Useful here are the Marxist categories, which the modern left has either forgotten or ignored in its attempt to equate Bin Ladenism with liberation theology. Roughly translated, Al Qaeda is the vanguard or militant wing of the latter-day wretched of the earth in the Middle East. Yet as any sociological study of Islamic terrorist groups will attest, most Al Qaeda members are well-educated and quite "petty bourgeois" in background. They might try to exploit working class, or better say impoverished, sensibilities in their propaganda, but one has only to remember Bin Laden's famed relationship to Communism to see that his is hardly an attempt to empower those who aren't Saudi industrial billionaires or believers in the One True God.

As for other militias and terror groups saddled with the f-word, it's interesting that leftists overcome with nostalgia for old struggles fail to remember the platforms upon which those struggles were waged. Nor do they apply the materialist lessons of the past to the present. Tariq Ali, for instance, celebrates Trotsky, yet thinks of Haniyah, Nasrallah and Ahmadinejad as champions of the downtrodden, not bothering to spot the contradictions in their economic imperatives and the class segments of their populations to which they most appeal.

Indeed, Ahmadinejad's toughest opponents are the Iranian proletariat, which are organized into exactly the kinds of democratic-civil trade unions mentioned above. In December, prominent members of the Public Bus Transportation Company Union in Tehran were jailed for their dissidence. Organized labor in Iran has also been out front in its denunciation of the mullah regime, and has likewise paid a high price for it. But of course you won't hear a peep from the old comrades about this stifling of democracy, which is homegrown and not in the least influenced by American intervention.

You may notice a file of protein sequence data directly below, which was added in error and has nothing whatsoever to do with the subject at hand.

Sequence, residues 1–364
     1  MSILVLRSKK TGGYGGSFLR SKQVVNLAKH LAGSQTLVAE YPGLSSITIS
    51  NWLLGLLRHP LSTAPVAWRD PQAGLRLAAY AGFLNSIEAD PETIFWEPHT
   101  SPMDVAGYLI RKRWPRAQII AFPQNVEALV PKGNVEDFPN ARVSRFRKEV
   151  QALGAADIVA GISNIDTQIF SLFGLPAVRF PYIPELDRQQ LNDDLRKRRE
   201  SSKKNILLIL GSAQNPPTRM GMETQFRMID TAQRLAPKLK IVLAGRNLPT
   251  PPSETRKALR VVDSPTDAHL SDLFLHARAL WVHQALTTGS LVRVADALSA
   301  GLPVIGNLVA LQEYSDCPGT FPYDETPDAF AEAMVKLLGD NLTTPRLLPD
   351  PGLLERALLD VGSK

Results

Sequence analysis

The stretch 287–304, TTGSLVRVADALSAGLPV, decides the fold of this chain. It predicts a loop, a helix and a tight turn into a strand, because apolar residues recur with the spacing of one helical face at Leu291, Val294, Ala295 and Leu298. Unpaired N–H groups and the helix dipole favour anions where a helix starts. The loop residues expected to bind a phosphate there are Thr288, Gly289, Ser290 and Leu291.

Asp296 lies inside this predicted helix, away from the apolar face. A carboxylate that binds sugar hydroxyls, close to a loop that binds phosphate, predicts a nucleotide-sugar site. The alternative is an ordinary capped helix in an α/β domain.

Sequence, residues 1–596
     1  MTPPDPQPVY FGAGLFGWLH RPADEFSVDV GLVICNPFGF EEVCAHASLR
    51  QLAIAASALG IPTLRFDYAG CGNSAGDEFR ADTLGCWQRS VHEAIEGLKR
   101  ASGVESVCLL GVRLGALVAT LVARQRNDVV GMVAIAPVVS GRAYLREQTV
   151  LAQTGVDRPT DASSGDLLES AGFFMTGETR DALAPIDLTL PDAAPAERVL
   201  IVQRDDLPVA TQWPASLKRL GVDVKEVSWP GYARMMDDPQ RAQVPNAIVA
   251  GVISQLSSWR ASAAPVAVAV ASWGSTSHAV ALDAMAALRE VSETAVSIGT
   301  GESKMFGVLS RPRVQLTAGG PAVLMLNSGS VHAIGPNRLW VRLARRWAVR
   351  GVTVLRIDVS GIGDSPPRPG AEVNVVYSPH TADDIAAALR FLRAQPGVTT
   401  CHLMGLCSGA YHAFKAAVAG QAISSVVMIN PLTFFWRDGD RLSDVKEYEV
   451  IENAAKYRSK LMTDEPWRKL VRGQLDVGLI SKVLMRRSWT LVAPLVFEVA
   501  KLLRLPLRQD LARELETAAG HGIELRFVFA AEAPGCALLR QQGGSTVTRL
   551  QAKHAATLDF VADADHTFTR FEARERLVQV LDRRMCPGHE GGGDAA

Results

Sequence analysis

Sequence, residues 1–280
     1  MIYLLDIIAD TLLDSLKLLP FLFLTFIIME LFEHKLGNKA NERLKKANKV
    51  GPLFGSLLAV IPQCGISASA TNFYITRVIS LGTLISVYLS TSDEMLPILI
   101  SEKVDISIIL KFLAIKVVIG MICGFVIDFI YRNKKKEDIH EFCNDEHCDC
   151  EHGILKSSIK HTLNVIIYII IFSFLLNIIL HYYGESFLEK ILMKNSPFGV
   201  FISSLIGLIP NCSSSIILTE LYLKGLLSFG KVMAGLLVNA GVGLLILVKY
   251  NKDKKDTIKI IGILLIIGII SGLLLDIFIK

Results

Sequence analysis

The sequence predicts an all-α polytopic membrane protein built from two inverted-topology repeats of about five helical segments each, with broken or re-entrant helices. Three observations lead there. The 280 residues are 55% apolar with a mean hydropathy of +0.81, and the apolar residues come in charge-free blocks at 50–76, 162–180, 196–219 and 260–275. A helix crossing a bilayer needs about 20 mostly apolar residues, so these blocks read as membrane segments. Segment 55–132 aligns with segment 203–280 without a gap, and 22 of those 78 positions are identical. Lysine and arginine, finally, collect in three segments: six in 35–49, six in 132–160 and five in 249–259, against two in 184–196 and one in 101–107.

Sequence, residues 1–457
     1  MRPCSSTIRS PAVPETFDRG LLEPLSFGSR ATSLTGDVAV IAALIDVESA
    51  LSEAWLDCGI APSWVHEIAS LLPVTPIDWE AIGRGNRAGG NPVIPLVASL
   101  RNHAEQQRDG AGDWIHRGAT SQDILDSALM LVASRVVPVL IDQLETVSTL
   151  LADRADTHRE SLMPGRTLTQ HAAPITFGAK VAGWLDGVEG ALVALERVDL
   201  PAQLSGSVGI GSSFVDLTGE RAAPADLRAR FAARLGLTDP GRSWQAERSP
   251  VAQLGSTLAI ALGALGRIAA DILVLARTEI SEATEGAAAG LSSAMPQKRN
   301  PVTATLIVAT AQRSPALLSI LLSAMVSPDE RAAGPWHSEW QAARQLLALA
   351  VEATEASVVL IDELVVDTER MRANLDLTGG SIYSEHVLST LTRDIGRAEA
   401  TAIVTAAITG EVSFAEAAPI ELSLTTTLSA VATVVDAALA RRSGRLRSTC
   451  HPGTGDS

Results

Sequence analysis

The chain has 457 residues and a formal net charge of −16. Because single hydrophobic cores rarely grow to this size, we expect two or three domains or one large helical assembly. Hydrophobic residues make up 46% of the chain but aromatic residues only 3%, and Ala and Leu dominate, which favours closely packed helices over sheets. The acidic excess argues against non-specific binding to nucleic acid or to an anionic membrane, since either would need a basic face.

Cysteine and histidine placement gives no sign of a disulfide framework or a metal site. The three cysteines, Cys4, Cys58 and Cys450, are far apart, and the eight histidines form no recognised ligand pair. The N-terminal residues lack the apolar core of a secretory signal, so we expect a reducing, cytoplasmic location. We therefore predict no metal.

Hamas — or its precursor organization, the Mujamma' — more or less sprung right out of the Palestinian university system and aims to control the entire apparatus of the state, including the army, press, municipalities and education of the Palestinians. (Sharia law mandates such comprehensive integration of civic and religious institutions.) As for its relationship with the workers, just a few days ago the Deputy Secretary General of the Palestinian Federation of General Trade Unions had his home attacked by terrorist gunmen. Of course, the current PA is not lifting a finger over this domestic crime. Might it be because the PFGTU, internationalist in scope and solidarity, has been resistant to infiltration by Hamas, a "national" liberation organization?

All of which doesn't even address the "declassed and demoralized" gangster and criminal elements which comprise these groups' natural and most violent constituencies. Plus, the main thrust of Trotsky's great polemic was to discredit the Comintern's shabby and sinister moral equivalence of Bruning with Hitler. The official Stalinist line during the rise of Nazism (when German social democrats were known as "social fascists") can't help but remind of what you now hear about Bush being the identical twin of Bin Laden…

Of course, one doesn't have to buy into every facet of a dead revolutionary's analysis of a 20th century political pathology. But a left that fails to see certain classical trends recapitulating themselves in the 21st century is a myopic and doomed left, to say the least.